It's expensive to live in San Diego. You know this already. But it's about to get worse. As housing prices balloon, another basic need is getting costly: water. This week, we reported that the San Diego County Water Authority predicts the cost of water could swell up to 10 percent starting in 2023. Scott and Andy review everything you need to know about San Diego water and these rate hikes. And in the second half of the show, the latest San Diego Housing Commission drama and why it matters for the local housing crisis. Sign up our upcoming events (Cannabis Equity and Politifest) at vosd.org/events Check out San Diego 101: How We Get Our Water vosd.org/sd101 Support VOSD and our future at vosd.org/give See omnystudio.com/listener for privacy information.
Buckle up, folks. There's another major revelation in the 101 Ash St. saga this week. (That segment starts around minute 30 in the episode if you're antsy.) It turns out the city's real estate adviser, Jason Hughes, got paid about $9.5 million dollars (as a volunteer) for the deals he facilitated. The scoop this week by VOSD's Lisa Halverstadt was that Hughes made an agreement with Cisterra Development (the city's eventual landlord) to earn a profit off the deals or be held financially accountable if they fell apart. Also this week: Some cops refuse to get vaccinated. A vaccine expert gets real about the Delta variant. And a local hotelier makes a splash at the Elizabeth Holmes trial. See omnystudio.com/listener for privacy information.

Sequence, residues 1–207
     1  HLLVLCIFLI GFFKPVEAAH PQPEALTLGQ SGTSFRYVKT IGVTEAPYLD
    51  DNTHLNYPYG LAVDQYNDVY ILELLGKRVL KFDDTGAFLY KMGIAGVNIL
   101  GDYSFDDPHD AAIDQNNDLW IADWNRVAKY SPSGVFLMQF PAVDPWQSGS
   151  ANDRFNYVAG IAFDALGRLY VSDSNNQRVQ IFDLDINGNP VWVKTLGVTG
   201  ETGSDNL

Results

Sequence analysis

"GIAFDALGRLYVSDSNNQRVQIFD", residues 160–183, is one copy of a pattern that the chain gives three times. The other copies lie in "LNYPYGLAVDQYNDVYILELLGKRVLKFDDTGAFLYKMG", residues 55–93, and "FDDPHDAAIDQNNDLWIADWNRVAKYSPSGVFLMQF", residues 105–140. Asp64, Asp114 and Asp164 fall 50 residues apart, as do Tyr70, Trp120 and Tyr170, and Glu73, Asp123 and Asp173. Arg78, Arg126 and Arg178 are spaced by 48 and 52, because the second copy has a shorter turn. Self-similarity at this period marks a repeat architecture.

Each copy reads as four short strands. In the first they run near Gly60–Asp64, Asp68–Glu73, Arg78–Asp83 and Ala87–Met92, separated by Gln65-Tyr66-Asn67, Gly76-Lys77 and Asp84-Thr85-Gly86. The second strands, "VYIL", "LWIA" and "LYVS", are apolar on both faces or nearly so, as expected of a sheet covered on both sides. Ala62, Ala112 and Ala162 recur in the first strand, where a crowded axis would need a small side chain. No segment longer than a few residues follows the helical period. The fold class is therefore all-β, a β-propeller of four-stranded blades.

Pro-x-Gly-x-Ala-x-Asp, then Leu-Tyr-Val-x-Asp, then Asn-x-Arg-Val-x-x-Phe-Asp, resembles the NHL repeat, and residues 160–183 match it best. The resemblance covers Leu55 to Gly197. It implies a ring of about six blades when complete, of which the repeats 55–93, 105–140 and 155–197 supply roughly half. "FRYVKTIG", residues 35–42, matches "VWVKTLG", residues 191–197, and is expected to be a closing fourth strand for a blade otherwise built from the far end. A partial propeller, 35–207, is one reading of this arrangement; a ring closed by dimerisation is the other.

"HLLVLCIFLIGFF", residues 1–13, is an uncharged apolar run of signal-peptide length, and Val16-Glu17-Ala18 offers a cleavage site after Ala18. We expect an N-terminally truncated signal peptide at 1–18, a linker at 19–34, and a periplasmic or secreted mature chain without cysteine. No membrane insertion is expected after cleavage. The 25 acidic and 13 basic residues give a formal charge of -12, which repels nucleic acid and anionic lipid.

Shane Crotty and his team at the La Jolla Institute of Immunology have been studying viruses for a long time. We wanted to talk to him again. He first joined our podcast in March when vaccines were first becoming available and we knew a lot less. Now, after a few months and a few major variants of the virus, we have new questions. Like, why is Delta so much worse? Is it OK to go to concerts and ball games? What’s the deal with booster shots? Crotty and host Scott Lewis get into it. The post from March: voiceofsandiego.org/topics/news/bonus-podcast-its-all-a-race-interview-with-an-immunologist Keep up with the region's most important news at vosd.org/newsletters See omnystudio.com/listener for privacy information.